Movers and SHAKERS
Image Credit: Katheryn Mai (RCI Hospitality Holdings)
Where are Consumers Most Likely to Spend Their Leisure Budget?
Leisure stocks had a few false starts after the difficult time endured during the heart of the pandemic. While the group as a whole may have risen significantly from the initial lockdown-inspired sell-off, many leisure activities that keep people close to home are benefitting from completely lifted restrictions across all 50 states. World events being what they are, air travel, cruises, and business hotel stays are still not fully recovered. Rising costs of everything may also keep recreation to categories that don’t break the budget. This includes restaurants, theme parks, museums, and outings enjoyed by the whole family like bowling. It also could include doing something with friends designed for more for adult tastes.
Many of the investment articles written today conclude by pointing the reader toward an industry and then listing ETFs that are within that industry. On the one hand, this adds diversification as you may be exposed to over 100 different fund holdings. On the other hand, many sectors have subsectors that trade differently. While as an investor, you may feel bullish about one or more subsectors, the ETF, by design, usually exposes you to subsectors you’re less than bullish toward. This is why many advisors and self-directed investors shun the ease of picking a fund and instead build their own portfolio that is more heavily weighted toward their market expectations. The industry changes caused during the pandemic and now post-pandemic in many instances, make a solid case for stock selection over fund selection.
While at NobleCon18 in April, I attended two management presentations by public companies that fell solidly in the leisure, play-at-home category. Both caught my attention because they were financially strong with feasible plans for growth. They were both 100% open for business with little to suggest that this would change.The first is the largest owner of family bowling outlets in the U.S., and the other owns sports bars and adult entertainment nightclubs. I knew very little about the inner workings of either business, but found the presentation by RCI Holdings (RICK), and the presentation by Bowlero Corp. (Bowl) were eye-opening in that these were not businesses that would have been on my investment radar. Yet, if one believes that consumers have a pent-up demand for leisure activities but they are less likely to travel, then either of these may continue to benefit as post-covid investments.
Using the performance of ticker symbol $TNL as a proxy for travel and leisure, we find that while RICK, which represents a small sector of leisure began to climb relatively quickly mid-summer 2020, it is now trading at the level it was a year ago. The entire travel and leisure sector has also been trading sideways, while the market overall has been pushing lower this year.
Eric Langon CEO of RCI Holdings gave the audience of investors the presentation on his company, (a video replay is available below). RICK is divided into two business units, Bombshells Sports Bar Restaurant, and their adult entertainment night clubs that include such names as Rick’s Cabaret, and Scarlett’s.
The company is growing it’s hospitality, property development, finance, and free cash flow. In his presentation Langon explains what they target for cash flow and how they put it to use to continue growth and producing higher cash flows.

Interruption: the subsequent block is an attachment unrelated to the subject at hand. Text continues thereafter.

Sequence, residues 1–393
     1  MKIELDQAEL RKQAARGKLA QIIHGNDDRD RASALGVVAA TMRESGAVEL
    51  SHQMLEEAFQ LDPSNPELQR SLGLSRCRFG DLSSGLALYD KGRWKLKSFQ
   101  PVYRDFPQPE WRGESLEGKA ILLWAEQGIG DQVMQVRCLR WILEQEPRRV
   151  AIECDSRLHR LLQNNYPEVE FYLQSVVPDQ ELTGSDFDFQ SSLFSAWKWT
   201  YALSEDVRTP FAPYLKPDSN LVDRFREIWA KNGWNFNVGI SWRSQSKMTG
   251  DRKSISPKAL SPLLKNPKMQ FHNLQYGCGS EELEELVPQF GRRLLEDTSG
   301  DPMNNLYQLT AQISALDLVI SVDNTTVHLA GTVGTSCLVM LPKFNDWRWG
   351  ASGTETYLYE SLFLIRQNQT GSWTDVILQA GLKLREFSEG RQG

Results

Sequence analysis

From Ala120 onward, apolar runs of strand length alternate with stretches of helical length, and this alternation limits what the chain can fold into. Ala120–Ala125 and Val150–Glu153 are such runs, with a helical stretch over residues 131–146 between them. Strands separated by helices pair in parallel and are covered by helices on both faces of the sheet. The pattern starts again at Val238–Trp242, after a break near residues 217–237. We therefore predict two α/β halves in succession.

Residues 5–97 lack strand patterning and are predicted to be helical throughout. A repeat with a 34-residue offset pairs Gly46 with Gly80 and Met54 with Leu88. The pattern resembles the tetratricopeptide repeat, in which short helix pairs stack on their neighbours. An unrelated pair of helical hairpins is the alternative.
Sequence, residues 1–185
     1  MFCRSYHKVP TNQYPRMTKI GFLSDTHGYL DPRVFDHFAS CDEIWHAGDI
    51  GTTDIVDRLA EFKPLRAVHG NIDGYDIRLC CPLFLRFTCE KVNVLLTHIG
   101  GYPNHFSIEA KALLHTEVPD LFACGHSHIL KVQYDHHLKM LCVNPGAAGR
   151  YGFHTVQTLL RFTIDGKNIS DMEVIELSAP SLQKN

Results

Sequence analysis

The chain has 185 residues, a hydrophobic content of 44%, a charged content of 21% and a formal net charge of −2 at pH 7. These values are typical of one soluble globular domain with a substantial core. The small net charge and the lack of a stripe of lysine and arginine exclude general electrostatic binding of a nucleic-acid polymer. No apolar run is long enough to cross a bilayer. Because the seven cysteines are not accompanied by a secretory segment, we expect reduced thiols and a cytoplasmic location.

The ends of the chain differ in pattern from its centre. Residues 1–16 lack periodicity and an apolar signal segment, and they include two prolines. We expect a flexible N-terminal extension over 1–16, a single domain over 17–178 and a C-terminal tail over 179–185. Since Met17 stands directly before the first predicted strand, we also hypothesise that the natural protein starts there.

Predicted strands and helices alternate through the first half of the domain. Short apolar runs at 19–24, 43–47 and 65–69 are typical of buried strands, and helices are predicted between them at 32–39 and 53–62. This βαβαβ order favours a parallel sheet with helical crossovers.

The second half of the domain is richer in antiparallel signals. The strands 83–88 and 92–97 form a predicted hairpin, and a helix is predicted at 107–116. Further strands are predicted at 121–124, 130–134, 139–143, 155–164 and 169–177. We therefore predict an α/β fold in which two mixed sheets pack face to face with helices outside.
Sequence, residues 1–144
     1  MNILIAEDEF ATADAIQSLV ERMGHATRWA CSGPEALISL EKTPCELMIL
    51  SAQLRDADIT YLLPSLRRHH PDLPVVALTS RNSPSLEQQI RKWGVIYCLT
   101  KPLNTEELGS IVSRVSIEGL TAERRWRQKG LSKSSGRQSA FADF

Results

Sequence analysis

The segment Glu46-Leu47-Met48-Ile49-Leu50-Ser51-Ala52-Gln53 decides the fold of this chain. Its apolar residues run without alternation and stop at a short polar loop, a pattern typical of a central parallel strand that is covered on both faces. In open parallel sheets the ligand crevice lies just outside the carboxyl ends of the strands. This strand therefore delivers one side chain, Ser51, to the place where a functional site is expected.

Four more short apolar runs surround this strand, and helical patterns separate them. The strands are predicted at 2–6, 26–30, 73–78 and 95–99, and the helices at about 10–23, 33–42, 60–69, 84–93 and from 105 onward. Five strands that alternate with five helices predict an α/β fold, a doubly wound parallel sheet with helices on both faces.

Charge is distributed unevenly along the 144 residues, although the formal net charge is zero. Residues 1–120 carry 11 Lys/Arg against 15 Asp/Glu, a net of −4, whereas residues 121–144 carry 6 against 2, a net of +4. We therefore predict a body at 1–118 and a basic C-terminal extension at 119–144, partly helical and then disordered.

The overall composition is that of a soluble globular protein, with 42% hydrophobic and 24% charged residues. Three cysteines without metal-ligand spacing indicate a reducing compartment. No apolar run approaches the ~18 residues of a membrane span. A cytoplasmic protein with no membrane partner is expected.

Their nightclub sales were up 55% last year and according to the presentation, not all clubs were even open until the second half of 2021. One of the interesting nuances of the business is that there are barriers to entry in the adult entertainment world. Typically the owner has to be grandfathered at the state or local level as they are typically hesitant to issue new licenses. This puts them in an ideal position to acquire existing clubs, with known track records and overlay their club management expertise and systems.
In the Sports Bar segment, the company owns the real estate which allows, this helps in financing. The franchise Bombshells is approved in all 50 states, abuild out could cost $6 million or more and they are always looking for locations.
Tom Shannon, CEO of Bowlero spoke about his company, (a video replay is available below). BOWL went public via SPAC in December 2021. He discussed how two-thirds of the revenue by outlets has no cost of goods sold. The company has 8% of U.S. market share of bowling outlets. He explained this opens ample opportunity to expand as most of the other 92% are mom and pop owned. They can acquire them, give them a facelift and still be more efficient and profitable with their proprietary systems.
Bowlero also owns the Pro-Bowlers Association. While the PBA Tour adds $1 million to earnings, he says it saves them $10 million on marketing, as they get exposure and growing enthusiasm for bowling through the tour.
There are many other interesting aspects of this company that is best explained by the company, a link for the video replay, scroll down and watch the video.
Over the past couple of years there was the pandemic move toward stay at home tech, while hospitality, leisure, and travel was dead. There is pent up demand for leisure, those activities could include more stay-near home recreation as there are still reasons that individuals and businesses may keep travel plans to a minimum. For this reason a pure Leisure ETF could only provide a portion of the exposure to near hime recreation. Reviewing stocks, reading the research on Channelchek, and reviewing comaony presentations could provide actionable ideas, nit just in leisure, but in other investment sectors as well.
Managing Editor, Channelchek
RCI Hospitality Holdings (RICK) NobleCon18 Presentation Replay
Bowlero (BOWL) NobleCon18 Presentation Replay
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